The CTQ Experience

North Saanich consultant wants more

[by  Steven Heywood - Peninsula News Review, Feb 12, 2014]

North Saanich council will consider paying a consultant nearly double the original price for work on their housing strategy and at the same time essentially shelved the consultant’s report until further notice.

A majority of councillors voted Feb. 3 to ratify an earlier decision to consider paying Ed Grifone of CTQ Consltants Ltd. an estimated $68,595 for the District’s housing strategy implementation plan. That’s $29,595 more than an earlier agreed-upon price of $39,000 — and well above the original contract of only $19,000 set in late 2012.

Council had agreed on the jump from $19,000 to $39,000 following Grifone’s first meeting in early 2013 with staff and council and the realization the project would be more involved than initially thought.

Grifone, in a Dec. 13 letter to council, said the complexity of the assignment pushed his costs to more than $68,000.

Council has decided to consider this increase as long as Grifone supplies an itemized and detailed account of additional services over and above the original terms of reference. Council also voted to only do so if Grifone turns over his raw data from the housing plan. This was approved Feb. 3 in a 4-3 vote.

Council has also asked Grifone to return to give a presentation to council on either Feb. 24 or April 14, and pay him an hourly rate of $170, plus expenses. The consultant had been to council to speak to his work in August, 2013 but that meeting was cut short when Councillors Dunstan Browne and Conny McBride walked out in protest of questions levelled at Grifone from Mayor Alice Finall, Coun. Elsie McMurphy and various citizens.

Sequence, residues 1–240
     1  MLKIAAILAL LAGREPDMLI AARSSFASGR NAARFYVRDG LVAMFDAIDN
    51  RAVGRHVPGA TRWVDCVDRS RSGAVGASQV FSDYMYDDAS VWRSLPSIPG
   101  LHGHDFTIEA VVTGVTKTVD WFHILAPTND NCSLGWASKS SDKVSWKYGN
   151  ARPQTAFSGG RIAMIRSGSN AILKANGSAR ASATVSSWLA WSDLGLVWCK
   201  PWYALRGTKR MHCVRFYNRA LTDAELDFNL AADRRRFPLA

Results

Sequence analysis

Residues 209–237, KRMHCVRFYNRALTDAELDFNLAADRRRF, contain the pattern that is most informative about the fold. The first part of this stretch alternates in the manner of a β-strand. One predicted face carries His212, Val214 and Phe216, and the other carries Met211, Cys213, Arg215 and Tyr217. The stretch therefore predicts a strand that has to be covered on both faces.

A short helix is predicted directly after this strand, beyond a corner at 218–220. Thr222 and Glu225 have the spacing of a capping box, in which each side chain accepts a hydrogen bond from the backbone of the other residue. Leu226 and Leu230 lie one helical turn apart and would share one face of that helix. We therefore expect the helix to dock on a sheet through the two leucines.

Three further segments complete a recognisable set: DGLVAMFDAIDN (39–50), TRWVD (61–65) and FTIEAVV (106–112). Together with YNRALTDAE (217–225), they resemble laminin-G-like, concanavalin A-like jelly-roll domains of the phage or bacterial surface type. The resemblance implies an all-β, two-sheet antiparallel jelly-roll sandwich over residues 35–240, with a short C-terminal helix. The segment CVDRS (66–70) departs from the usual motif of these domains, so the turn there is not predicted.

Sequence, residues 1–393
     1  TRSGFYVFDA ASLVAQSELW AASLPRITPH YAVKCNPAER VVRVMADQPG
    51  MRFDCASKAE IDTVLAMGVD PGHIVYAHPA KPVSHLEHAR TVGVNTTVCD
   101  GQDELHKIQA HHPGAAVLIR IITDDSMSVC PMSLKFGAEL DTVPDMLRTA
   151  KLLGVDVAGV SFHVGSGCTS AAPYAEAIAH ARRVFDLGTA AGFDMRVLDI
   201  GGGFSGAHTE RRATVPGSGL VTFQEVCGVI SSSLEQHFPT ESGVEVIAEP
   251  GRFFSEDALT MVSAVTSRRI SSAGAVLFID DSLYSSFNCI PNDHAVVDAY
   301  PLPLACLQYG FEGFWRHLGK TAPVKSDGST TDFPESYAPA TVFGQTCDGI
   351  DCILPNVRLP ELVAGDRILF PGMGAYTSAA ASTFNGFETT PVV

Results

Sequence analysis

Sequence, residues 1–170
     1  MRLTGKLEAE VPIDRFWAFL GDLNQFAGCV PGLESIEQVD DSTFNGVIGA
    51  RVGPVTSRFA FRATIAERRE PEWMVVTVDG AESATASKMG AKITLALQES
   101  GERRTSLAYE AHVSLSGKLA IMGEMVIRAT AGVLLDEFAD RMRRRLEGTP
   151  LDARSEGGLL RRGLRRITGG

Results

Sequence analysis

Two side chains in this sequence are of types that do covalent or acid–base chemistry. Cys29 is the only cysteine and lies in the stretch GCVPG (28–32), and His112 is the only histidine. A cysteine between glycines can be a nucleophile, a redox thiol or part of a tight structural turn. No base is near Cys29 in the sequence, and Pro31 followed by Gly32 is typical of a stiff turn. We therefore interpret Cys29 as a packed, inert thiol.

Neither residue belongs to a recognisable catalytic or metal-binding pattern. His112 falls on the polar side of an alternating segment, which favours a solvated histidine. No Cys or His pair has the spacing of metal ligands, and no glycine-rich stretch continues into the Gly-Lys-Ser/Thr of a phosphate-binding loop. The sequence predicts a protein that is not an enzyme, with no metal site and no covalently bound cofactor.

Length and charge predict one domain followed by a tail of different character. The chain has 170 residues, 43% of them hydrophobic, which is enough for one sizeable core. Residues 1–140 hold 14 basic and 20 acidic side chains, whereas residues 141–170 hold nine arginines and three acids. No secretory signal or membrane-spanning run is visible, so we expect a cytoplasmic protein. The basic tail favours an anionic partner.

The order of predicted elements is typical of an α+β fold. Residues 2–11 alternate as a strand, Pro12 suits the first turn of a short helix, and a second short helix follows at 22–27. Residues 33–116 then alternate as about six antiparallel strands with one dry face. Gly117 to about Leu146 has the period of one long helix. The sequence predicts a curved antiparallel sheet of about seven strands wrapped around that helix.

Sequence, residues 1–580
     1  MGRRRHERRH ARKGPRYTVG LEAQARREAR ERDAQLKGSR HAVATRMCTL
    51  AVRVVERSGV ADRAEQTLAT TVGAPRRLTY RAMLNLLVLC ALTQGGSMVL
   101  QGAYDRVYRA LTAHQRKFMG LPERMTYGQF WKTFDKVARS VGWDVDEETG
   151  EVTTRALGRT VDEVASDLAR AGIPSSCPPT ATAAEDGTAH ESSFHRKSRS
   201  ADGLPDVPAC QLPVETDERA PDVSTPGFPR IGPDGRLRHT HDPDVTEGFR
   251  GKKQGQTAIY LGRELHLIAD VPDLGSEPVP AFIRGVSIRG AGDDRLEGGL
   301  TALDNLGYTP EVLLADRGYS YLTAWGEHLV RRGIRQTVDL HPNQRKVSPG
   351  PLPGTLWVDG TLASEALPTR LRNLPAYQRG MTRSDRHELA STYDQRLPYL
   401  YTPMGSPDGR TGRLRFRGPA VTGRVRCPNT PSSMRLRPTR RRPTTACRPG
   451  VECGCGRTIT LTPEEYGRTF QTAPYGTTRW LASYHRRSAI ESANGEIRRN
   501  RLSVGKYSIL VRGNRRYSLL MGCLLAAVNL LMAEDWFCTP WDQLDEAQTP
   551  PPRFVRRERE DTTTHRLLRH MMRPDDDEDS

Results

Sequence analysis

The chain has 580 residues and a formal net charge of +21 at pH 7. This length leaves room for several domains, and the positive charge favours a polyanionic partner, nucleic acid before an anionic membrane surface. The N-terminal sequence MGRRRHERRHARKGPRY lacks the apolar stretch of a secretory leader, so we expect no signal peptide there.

“It was very unfortunate that your meeting of Aug. 19, 2013 ended so abruptly when I was prepared to address all matters related to the project,” Grifone stated in his Dec. 13 letter.

“We cannot begin to understand the politics of your community. However, we are professionals and we have no reservations about returning to North Saanich to explain our findings…”

Some residents are blaming the council for not hearing out Grifone when he was in the community and are now faced with even more costs association to this project.

“CTQ did come to address council and councillors walked out,” said Lorrene Soellner, a resident and outspoken critic of the council majority. “No debate was even allowed then.”

Coun. Ted Daly noted during the debate that if he was Mr. Grifone, he wouldn’t come back to North Saanich.

Consultant’s report approved, but shelved

North Saanich’s council majority seems to think it got what it wanted out of the CTQ Consultants report on housing in the district for now and have voted to take no further action on it.

On Feb. 3, Coun. Dunstan Browne amended a motion to approve the report in principle subject to changes council may wish to make — adding that staff is not required to take any further action.

Mayor Alice Finall and Coun. Elsie McMurphy called the motion irrational and beyond understanding.

“I am against this,” said McMurphy. “There has been no wide consultation on (the report) in the community. And council has already adopted some things contrary to what’s in the report. It’s a contradiction.”

She also wondered about council stating it can change the consultant’s work.

“I’m worried council would adopt this without consultation or a clear understanding of the issues within it,” added Finall, repeating her call for an affordable housing strategy and even a full review of North Saanich’s official community plan in the wake of the consultant’s findings.